2017 and 2018 were the years that blockchain became the hottest trend in the financial services industry. At the time, major corporations were investing heavily in what was thought to be the future of finance. Despite the heavy investment and widespread media attention, blockchain has failed to become a critical technology for the financial sector.

In this graph from Google Trends, we can observe the initial 2017/2018 rise in interest for blockchain, followed by a decline leading up to the 2021/2022 rally in interest, followed by a continued decline.

Blockchains, and the related concepts of hash chains, Merkle Trees, and Sybils are not fundamentally related to cryptocurrencies. A blockchain is simply an append-only data structure – sort of like a spreadsheet in which users can only ever add new rows and never edit or remove existing rows.

This lecture, by UC Berkeley professor Nicholas Weaver, explain in detail the relationship between cryptocurrencies and blockchains.

The NFT Connection

During 2021, and into early 2022, the Web3 & Blockchain adjacent technology known as Non-Fungible Tokens (NFTs) took the world by storm. Popularized by celebrity endorsements, NFTs were going to be the future of all sorts of realms – from art, to music, to trading cards, to golf club memberships. An NFT is essentially a unique ID recorded on a blockchain. They are sometimes tied to a URL that hosts an image file, but not always.


While interest in NFTs rose incredibly quickly in late 2021, outside of a brief moment of interest in December 2022, the trend has largely disappeared. The December 2022 release of the Donald Trump NFT Collection is thought to be responsible for the temporary interest in the US for NFTs – evidence that NFTs certainly aren’t yet dead and are still of great interest to many people.

Examples of artwork in the Donald Trump NFT Collection, per MarketWatch.

Perhaps the best resources for a deep dive into NFTs comes from video essayist Dan Olson. This documentary was released in January 2022 at the height of the NFT boom. In this video, titled Line Goes Up, Dan walks viewers through the complex and complicated world of NFTs.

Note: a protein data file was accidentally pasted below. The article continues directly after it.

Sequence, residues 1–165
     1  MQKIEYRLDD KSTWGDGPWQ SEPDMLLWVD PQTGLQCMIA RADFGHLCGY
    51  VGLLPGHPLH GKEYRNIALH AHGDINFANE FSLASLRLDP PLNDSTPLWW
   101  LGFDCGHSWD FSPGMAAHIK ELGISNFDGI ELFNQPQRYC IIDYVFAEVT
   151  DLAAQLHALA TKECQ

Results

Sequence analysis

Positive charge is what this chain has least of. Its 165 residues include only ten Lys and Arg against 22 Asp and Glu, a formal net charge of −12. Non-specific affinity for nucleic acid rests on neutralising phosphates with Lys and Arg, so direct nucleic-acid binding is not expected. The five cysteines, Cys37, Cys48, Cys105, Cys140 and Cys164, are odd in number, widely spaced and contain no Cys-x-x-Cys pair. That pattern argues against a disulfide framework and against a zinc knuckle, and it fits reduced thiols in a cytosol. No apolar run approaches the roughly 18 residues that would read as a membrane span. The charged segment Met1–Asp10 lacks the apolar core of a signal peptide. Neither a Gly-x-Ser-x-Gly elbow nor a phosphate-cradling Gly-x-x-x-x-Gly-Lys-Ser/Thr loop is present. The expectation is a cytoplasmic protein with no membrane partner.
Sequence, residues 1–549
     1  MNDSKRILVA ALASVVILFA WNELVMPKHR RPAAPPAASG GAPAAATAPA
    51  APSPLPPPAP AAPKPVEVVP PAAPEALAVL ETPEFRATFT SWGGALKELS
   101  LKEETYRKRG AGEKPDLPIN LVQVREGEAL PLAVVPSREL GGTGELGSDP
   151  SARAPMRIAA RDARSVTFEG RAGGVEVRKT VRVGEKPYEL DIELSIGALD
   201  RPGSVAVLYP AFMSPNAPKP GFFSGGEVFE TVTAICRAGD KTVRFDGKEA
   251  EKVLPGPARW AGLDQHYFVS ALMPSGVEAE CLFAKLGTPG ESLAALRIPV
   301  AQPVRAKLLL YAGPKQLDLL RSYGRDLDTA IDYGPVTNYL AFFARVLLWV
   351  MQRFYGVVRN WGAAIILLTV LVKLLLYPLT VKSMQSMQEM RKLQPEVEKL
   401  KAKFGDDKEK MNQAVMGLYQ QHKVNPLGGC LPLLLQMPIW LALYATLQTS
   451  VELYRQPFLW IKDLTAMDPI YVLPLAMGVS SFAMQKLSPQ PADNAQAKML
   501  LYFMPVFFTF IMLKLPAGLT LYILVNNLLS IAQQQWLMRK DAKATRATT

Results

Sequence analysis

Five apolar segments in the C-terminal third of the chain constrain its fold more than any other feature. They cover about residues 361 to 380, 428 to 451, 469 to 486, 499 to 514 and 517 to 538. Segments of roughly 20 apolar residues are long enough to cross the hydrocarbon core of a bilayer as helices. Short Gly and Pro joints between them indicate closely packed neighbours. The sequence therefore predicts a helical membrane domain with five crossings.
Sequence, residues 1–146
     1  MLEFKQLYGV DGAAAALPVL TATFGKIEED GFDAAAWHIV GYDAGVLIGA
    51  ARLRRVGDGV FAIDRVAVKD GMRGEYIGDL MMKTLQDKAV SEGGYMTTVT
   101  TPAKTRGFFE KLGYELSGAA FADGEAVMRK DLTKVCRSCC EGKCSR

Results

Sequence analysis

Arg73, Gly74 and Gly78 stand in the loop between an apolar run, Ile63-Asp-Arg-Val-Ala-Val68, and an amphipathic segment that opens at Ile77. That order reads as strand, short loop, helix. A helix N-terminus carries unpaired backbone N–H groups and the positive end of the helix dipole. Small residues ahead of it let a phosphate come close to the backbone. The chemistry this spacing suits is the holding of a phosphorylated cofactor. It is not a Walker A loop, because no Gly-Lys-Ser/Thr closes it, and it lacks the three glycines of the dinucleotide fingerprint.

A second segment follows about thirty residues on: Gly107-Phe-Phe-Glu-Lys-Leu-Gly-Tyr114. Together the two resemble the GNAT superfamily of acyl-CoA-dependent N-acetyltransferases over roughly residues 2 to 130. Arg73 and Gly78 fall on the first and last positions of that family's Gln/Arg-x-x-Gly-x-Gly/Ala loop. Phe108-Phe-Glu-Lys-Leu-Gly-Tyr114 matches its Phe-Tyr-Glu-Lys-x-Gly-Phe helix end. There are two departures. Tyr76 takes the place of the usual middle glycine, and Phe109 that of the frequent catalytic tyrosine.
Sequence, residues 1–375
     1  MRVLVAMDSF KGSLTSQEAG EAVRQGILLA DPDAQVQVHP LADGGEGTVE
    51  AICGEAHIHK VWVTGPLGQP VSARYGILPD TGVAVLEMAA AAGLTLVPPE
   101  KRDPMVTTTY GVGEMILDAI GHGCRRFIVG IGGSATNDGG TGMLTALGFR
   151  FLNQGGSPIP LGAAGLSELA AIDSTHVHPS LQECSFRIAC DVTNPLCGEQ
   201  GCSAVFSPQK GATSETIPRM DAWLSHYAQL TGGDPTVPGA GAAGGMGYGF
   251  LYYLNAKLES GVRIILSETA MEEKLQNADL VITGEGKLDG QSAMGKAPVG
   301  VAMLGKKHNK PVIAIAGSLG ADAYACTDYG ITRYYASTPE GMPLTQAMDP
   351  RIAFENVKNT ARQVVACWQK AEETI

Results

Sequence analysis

That was a lot. So, what’s the verdict again?

The Web3 trend of late 2021 and early 2022 was largely a marketing push from companies that stood to gain from the continued growth of cryptocurrency and NFTs. While possible that Web3 has a resurrection, and we’re merely in a Crypto Winter – a low point in a cycle – it seems most likely that Web3 was never truly a “thing” beyond the marketing hype.

Blockchains, and related technologies, will continue to be used for applications outside the world of cryptocurrencies. The fate of NFT and cryptocurrencies appear to be on shaky ground as even paid celebrities have abandoned the trend.

Only time will tell if the cycle continues and blockchain-based cryptocurrencies – along with Web3, NFTs, and probably other concepts that haven’t been popularized just yet – truly become the future of finance and the internet.


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Stephen Watts
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Stephen Watts

Stephen Watts works in growth marketing at Splunk. Stephen holds a degree in Philosophy from Auburn University and is an MSIS candidate at UC Denver. He contributes to a variety of publications including CIO.com, Search Engine Journal, ITSM.Tools, IT Chronicles, DZone, and CompTIA.